Your child is 2, but there's no need to rush things before that age. The American Academy of Pediatrics now encourages pacifier use as a way for babies to soothe themselves and as a tactic for possibly reducing the risk for SIDS, points out Robin Goldstein, PhD, author of The Parenting Bible. The jury is still out on whether pacis, if they linger into the toddler years, cause dental problems or speech delays.
Happily announce to your child that the pacifier now lives in the crib, and if she wants it, she has to climb in there with it. (Bonus: this gives her a great incentive to go to bed at night!) When you sense your child is ready to give it up altogether, a visit from the Binky Fairy may be in order. Just remember: don't go cold turkey when your child is in the middle of another major transition, like potty training because she will need even more comfort at those times.
She has mastered the sippy cup, between 12 and 18 months. There's no harm in using a nighttime bottle up to age 2, (as long as you don't let her fall asleep with a juice- or milk-filled bottle in her mouth, which could cause tooth decay). But letting your child hang on to the bottle for daytime feedings can be counterproductive, Dr. Unger says. "If toddlers are drinking too much milk from the bottle, they may not be interested in eating other nutritious foods they need," she points out. The perfect time to introduce the sippy is around 9 months, when babies become very insistent on doing things by themselves.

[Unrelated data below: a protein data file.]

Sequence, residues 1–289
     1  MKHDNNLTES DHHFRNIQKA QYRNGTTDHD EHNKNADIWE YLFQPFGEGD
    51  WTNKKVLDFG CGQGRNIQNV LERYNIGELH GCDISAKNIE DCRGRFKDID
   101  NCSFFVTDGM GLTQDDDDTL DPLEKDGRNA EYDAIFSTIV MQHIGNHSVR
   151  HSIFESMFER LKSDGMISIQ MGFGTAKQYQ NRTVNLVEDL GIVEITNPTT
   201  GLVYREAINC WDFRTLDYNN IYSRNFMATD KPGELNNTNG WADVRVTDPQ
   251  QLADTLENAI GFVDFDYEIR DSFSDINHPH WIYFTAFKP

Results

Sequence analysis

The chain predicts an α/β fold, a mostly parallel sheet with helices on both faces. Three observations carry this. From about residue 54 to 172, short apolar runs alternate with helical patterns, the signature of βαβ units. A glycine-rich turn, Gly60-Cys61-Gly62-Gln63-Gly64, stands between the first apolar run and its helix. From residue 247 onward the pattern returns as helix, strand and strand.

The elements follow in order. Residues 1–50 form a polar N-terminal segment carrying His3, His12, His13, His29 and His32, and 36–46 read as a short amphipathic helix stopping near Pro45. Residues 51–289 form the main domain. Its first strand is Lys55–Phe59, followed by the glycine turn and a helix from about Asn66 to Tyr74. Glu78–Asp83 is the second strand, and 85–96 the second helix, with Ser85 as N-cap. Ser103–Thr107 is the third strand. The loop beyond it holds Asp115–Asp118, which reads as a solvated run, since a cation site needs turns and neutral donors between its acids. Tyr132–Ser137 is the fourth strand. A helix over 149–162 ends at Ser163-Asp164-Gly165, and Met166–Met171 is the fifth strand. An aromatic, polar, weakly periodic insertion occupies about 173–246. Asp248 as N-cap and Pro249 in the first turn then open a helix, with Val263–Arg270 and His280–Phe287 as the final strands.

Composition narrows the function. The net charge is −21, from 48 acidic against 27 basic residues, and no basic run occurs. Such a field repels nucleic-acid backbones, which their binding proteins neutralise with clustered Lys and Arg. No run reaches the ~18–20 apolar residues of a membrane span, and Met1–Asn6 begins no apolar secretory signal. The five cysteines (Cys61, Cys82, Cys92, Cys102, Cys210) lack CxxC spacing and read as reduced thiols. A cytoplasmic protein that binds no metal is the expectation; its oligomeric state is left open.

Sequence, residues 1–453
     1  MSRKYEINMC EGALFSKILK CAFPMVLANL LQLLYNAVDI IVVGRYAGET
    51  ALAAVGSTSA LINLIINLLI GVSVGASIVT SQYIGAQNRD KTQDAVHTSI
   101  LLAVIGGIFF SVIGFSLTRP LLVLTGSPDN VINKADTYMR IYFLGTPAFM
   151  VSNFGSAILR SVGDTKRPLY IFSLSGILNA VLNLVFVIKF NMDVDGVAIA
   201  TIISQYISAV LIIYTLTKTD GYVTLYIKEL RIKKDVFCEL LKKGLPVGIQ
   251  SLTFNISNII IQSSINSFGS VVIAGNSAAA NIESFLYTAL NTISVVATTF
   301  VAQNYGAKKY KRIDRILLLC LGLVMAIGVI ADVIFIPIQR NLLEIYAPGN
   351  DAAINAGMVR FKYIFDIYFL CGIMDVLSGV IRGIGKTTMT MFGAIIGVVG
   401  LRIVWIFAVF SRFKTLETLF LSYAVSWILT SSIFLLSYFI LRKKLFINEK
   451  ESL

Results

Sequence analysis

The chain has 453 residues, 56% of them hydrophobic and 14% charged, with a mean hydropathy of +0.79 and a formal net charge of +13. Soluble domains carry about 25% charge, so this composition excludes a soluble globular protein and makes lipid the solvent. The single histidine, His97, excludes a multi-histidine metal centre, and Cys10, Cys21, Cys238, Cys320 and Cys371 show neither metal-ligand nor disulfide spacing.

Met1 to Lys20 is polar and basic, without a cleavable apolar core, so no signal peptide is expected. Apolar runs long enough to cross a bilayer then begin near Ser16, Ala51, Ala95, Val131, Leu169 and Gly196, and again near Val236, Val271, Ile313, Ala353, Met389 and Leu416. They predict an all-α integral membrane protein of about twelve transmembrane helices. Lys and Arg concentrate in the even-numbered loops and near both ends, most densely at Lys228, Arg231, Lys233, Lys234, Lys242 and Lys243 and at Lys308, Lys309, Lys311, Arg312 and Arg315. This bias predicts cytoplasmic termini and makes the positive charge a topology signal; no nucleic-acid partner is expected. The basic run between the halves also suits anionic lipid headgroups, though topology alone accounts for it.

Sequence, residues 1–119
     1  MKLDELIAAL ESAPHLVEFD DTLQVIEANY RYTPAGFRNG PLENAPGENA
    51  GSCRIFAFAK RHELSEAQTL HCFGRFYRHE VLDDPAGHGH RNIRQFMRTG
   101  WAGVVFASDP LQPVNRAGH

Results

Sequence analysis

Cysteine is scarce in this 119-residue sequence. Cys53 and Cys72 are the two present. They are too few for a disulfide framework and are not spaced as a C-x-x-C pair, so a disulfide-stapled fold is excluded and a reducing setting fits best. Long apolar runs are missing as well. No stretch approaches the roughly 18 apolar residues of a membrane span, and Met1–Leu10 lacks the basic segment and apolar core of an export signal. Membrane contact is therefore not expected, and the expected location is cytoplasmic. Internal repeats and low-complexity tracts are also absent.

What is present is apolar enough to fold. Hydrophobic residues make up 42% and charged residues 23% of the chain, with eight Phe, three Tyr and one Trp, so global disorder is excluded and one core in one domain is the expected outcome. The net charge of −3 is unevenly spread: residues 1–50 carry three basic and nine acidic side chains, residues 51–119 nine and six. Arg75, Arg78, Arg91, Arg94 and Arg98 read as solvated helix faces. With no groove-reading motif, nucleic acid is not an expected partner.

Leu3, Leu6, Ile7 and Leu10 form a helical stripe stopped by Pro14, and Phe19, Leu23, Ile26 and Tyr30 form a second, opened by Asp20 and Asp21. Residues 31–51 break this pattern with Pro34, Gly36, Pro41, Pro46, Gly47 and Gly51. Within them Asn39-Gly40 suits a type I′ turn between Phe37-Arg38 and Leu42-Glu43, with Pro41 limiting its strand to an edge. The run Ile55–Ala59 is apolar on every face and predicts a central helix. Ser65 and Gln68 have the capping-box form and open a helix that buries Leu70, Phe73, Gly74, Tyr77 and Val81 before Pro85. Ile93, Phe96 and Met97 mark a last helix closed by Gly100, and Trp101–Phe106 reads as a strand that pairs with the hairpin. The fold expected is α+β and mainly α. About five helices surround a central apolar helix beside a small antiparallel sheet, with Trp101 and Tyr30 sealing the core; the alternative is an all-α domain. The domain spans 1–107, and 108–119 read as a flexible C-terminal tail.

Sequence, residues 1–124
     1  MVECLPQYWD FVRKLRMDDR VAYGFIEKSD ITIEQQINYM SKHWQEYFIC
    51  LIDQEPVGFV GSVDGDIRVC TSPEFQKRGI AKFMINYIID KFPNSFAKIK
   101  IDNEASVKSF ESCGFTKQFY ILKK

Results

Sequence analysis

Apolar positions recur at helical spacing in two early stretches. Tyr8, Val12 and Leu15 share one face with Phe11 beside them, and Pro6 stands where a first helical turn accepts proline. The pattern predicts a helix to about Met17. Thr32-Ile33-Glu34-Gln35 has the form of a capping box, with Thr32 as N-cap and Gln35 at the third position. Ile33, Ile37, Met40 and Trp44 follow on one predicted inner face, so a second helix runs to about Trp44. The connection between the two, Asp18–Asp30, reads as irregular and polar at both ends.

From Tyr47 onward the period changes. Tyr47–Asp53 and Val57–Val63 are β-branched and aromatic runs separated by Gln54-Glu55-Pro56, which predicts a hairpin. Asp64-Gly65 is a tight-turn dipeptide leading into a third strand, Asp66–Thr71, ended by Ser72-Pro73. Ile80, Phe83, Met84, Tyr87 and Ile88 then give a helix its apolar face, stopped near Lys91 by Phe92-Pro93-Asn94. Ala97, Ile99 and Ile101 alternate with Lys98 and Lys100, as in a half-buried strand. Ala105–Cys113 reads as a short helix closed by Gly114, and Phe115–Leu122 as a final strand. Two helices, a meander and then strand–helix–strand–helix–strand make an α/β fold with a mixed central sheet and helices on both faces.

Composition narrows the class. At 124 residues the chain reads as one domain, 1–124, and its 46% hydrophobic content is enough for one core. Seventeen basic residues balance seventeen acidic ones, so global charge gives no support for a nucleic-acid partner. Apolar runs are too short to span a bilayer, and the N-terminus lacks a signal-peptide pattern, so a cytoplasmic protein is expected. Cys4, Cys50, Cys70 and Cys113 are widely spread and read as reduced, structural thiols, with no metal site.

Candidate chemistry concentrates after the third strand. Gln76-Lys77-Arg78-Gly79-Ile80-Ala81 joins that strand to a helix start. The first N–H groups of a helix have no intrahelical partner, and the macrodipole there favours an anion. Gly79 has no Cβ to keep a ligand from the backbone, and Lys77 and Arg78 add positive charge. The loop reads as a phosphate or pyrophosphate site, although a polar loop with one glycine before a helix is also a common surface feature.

Start by choosing a cup that's easy to hold and doesn't leak, O'Brien says. Then casually introduce the cup by putting it on the tray like it's a new food, and let your baby play with it for a while. Yes, there will be spills, and you'll spend lots of time picking the cup up off the floor, drinking from a cup takes practice. Once your toddler gets used to it, you can gradually eliminate the bottle. keep in mind that it's usually much easier to phase out the bottle at 12 or 18 months than it will be at age 2, when your child has a better memory and is more stubborn.
You start asking yourself, Hmm, is it weird for my child to run around the house without a stitch of clothes on? True, there is nothing cuter than a naked baby running through the house screaming, "I'm the tushy fairy!" But by age 5 or 6, your kids should develop a sense of modesty and cover up, Goldstein says.
Tell your child, "It's fine to be naked when you're getting dressed or ready for your bath, but in any other room in the house, you need to have at least a T-shirt and underpants on." Then take her to the store and let her pick out the fluffiest, cutest kitten-adorned bathrobe she can find.